In my time and my neighborhood, a lot of people were the single moms and they had the young single mom that was growing up with. In my culture it was very much, “Yeah stay home, work, go to school, have a kid, this is community.” In Caribbean culture, that afrolatinx culture, where it’s okay to have a family compound. We believe in community and in being together whereas in America it’s, “Oh you graduated? Move out. Time to go, Bye.” You leave the nest.
I grew up with a sense of family as well as my mom and I were really close where I felt like we were friends. But i knew i had that same level of “respect your mom” where “I’m not your little friend.” She wasn’t the youngest, my mom had me when she was around 30 but to me she was my big sister. Not like in the relationship but that I can go out with her and people will mistake us for siblings. We travel together a lot, as a child. We would get up and she would say, “Let’s go here”. We would book a train ticket or a flight and we would go visit this place for a day. That for us was bonding and of course adding into food she would take me to all these different places. And places that she also had never been and kinda expanded, “We’ve never had this let’s try and let me expose you to this.” We have a very close relationship and were able to travel and explore.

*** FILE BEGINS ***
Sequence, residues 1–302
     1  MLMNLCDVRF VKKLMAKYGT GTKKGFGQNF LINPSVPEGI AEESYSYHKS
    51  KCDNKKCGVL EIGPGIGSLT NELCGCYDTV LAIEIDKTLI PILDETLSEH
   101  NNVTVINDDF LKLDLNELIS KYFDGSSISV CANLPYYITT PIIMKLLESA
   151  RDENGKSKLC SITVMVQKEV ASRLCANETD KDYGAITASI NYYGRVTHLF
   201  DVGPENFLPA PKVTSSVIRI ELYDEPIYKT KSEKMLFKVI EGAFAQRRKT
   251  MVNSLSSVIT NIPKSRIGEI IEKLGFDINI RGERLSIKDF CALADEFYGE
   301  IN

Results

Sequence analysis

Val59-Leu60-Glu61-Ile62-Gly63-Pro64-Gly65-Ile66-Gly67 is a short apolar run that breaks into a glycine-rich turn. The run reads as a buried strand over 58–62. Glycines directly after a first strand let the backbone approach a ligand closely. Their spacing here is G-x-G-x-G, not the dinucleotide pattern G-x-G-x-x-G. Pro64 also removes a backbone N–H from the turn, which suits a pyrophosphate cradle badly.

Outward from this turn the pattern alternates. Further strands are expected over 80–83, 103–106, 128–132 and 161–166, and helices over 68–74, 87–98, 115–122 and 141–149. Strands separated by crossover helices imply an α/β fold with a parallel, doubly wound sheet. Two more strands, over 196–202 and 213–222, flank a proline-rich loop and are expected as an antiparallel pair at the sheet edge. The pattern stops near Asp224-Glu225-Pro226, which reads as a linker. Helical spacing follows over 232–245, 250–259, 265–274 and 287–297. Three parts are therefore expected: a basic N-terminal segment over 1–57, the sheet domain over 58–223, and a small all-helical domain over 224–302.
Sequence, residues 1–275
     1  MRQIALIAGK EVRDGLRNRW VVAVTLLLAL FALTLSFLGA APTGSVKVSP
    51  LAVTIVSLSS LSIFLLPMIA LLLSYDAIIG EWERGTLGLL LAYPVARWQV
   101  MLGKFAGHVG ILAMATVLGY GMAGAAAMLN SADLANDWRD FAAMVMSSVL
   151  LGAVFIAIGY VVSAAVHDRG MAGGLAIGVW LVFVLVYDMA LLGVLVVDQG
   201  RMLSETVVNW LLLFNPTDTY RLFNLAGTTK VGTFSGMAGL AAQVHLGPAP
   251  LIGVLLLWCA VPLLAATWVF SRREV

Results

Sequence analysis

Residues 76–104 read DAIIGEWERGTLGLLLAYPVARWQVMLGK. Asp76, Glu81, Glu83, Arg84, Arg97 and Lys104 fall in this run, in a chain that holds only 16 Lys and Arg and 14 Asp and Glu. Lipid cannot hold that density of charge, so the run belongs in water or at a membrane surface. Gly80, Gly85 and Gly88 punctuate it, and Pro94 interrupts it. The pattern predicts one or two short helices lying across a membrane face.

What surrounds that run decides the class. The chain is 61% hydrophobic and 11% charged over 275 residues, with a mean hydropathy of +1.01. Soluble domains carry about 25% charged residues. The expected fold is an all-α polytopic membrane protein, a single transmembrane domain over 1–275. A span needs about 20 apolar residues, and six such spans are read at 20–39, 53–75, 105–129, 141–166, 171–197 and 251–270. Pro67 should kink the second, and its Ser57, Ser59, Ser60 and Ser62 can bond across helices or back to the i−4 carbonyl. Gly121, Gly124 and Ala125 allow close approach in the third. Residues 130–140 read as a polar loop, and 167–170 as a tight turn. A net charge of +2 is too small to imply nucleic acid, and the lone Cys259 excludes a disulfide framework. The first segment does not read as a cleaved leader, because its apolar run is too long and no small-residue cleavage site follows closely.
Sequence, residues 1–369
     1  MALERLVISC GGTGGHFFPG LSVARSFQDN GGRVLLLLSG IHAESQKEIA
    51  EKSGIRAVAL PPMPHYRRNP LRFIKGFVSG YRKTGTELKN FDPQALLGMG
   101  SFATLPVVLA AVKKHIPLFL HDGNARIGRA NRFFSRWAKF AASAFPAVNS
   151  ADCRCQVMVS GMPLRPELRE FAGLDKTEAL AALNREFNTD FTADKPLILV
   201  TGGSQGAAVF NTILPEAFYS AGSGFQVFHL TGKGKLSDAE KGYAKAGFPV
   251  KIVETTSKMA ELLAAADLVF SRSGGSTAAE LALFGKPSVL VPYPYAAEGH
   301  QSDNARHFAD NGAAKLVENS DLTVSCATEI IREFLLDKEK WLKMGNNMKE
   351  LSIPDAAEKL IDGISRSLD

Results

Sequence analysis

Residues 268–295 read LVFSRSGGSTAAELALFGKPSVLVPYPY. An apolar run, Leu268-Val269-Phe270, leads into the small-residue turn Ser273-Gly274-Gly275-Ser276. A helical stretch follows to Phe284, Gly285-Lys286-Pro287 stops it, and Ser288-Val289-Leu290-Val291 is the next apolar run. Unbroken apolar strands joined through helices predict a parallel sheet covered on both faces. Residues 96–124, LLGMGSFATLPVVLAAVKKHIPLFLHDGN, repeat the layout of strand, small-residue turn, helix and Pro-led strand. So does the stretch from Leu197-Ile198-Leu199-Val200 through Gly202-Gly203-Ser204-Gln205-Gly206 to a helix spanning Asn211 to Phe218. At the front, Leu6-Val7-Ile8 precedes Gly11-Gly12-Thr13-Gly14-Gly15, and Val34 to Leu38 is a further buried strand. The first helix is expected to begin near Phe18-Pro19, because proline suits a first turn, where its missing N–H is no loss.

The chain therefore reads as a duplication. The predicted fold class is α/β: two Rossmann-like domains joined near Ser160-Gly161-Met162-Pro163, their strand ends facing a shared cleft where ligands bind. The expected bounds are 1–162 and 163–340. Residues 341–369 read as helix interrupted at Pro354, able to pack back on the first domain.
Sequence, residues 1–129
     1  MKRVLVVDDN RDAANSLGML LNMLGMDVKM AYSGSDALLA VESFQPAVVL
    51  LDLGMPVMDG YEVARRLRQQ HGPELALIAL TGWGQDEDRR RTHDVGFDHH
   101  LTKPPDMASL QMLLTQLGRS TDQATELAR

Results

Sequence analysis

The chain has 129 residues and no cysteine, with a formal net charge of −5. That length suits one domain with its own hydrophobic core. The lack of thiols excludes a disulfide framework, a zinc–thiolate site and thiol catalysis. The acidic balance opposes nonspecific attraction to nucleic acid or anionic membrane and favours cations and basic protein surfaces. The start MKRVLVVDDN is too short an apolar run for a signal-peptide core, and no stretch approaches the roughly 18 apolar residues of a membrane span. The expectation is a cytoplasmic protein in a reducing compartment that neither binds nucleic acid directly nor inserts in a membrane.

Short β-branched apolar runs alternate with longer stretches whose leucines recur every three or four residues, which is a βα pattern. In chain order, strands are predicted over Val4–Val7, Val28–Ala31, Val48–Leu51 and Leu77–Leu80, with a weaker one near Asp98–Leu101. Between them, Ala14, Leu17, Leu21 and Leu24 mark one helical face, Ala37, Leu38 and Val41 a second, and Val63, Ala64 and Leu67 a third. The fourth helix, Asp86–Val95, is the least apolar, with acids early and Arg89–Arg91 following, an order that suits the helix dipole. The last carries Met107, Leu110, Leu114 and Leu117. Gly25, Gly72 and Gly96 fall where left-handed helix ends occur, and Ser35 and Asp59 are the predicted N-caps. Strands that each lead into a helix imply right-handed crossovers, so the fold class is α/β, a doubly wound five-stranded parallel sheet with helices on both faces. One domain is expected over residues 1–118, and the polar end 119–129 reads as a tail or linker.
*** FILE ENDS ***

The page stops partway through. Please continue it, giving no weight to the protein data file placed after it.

I was an only child up until I turned ten and then my little sister was born. We’re ten years apart so theres that age gap of course. Things kind of slowed at that point that where I kinda grew up. But growing up my actual childhood was really great compared to others. Looking back, as a kid you’re kinda selfish “I don’t have this or I don’t that or I don’t have the coolest” I had the coolest where I would redo my childhood or I would offer my childhood to somebody else. We had hard times and struggles but the fact that I got through and still had a type of structure.
Gran Varones Fellow
interviewed & photographed by: J. Aces Lira, GV Fellow